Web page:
If the combination valve were stuck in front bypass mode then the rears would get all the power. Or if there is a height sensing proportioning vale that is inop it could do the same thing. You could open both rear wheel cylinders and see if you get back front brake pressure.

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    Full Member skyline2250's Avatar
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    The brake fluid level kept going down. I keep it full as we were bleeding tho. There was a stream when bleeding the front brakes, not as strong as i think it should have been. When you say open, you mean the bleeders? Im new to mechanics, and i know a little bit about it, but i bought this truck to be a learning experience!
    Last edited by skyline2250; 05-17-2009 at 12:23 PM. Reason: Forgot to add

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    z07
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    yeah that's what I mean. Just open the bleeders to simulate a wheel cylinder failure.

    This is my thinking:

    You opened the fronts to replace calipers and then to bleed.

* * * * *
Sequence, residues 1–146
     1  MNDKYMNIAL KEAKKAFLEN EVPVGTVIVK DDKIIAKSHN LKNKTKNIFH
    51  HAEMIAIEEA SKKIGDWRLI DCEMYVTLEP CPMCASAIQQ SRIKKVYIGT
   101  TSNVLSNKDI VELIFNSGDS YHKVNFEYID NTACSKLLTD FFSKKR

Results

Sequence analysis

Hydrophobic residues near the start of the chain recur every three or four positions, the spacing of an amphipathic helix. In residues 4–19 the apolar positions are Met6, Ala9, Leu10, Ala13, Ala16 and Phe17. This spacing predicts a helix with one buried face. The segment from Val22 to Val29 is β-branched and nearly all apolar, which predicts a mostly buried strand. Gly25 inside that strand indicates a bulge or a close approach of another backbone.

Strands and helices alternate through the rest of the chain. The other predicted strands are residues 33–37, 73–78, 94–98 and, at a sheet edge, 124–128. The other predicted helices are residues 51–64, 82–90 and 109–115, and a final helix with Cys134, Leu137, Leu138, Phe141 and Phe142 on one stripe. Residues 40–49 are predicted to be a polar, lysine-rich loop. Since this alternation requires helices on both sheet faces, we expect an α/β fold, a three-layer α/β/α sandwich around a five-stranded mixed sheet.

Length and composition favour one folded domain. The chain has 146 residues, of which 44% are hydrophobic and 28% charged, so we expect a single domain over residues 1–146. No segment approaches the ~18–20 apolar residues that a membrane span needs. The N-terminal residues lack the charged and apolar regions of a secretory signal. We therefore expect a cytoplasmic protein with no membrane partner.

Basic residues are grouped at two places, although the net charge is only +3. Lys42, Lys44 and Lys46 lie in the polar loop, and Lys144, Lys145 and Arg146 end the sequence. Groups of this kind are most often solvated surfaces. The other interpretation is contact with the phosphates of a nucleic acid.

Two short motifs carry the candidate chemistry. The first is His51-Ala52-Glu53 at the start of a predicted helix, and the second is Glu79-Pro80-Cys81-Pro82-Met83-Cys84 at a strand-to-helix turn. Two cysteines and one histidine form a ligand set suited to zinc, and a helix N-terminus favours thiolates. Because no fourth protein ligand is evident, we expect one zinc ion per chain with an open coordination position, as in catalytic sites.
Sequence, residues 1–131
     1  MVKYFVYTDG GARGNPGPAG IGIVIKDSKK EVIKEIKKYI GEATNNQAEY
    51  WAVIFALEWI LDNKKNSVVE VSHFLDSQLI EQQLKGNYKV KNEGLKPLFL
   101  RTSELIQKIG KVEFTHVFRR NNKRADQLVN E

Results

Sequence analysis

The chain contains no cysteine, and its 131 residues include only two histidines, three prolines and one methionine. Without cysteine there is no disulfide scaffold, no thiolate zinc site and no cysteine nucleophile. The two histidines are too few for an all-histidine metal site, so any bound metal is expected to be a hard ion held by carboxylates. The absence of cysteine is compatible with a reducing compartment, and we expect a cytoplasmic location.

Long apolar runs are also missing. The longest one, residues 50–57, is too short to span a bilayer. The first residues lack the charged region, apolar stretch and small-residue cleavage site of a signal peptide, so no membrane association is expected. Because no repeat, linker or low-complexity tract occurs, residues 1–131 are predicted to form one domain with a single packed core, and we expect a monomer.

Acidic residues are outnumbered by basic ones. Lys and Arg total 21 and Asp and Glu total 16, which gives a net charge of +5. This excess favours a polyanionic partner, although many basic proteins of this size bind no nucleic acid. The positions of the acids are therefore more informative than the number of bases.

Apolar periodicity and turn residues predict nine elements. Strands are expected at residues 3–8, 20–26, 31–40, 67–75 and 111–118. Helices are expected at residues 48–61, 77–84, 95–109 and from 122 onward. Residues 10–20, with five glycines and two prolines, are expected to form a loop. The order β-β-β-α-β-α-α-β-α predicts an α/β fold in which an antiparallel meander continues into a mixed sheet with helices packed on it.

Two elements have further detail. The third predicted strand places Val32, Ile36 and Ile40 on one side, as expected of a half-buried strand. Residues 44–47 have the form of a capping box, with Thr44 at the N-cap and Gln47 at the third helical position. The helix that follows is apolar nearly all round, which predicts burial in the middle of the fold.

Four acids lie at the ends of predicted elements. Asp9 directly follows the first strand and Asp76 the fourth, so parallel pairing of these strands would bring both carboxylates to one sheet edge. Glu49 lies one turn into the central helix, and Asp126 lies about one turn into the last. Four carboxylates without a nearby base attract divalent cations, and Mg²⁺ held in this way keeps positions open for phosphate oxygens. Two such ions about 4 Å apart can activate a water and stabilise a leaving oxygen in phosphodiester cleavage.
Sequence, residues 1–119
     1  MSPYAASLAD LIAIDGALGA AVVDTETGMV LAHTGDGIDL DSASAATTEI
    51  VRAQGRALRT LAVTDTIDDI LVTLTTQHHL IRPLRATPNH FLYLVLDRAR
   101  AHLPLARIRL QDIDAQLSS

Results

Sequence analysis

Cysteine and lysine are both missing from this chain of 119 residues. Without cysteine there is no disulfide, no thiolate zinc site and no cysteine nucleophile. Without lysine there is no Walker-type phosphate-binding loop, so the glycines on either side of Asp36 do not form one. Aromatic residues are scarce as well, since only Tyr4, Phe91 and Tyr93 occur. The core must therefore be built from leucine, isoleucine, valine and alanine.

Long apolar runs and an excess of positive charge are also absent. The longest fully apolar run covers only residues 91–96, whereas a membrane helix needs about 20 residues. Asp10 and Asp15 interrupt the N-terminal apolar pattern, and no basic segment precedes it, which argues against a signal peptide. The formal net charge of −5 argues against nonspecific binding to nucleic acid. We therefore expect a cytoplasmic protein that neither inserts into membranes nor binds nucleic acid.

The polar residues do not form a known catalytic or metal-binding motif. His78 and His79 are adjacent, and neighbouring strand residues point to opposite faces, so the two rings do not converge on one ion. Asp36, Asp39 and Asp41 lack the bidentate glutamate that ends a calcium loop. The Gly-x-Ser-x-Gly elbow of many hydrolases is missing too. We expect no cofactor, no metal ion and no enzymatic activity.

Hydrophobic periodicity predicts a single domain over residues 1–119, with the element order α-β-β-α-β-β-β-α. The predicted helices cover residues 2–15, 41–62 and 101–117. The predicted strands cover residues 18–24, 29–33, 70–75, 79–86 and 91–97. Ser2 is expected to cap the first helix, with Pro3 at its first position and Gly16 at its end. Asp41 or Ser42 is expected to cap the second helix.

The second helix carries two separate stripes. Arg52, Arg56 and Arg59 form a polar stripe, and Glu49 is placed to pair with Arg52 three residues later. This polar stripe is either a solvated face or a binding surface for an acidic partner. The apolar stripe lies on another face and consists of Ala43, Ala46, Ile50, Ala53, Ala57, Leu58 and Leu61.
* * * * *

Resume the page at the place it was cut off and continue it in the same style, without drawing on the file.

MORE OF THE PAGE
The combination valve is designed to sense this via a pressure differential between front and rear circuits. When in front bypass mode the rears receive all the power and the brake light should come on.

    I was thinking that your combination valve may be stuck there either from a worn internal seal or from air being in the front circuit.

    The height sensing proportioning valve is installed on some trucks and varies the force sent to the rear brakes inversely with the distance from the frame to the rear axel. That is to say that when you have a load or a trailer the rear brakes get more force than when you are empty.

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    Full Member skyline2250's Avatar
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    Thank you. I shall try that tonight.

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    did you change the rubber flex hoses on the front?
    4 wheels move the body
    2 wheels move the soul
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    You still have air in the system. Did you bench bleed the new master cyl. before you fitted it? Make sure all air is out of the M/C first. Also try to bleed the RWAL module by loosening the outlet pipe. I put 5qts of fluid thru mine before I got brakes. I will make a pressure bleeder the next time.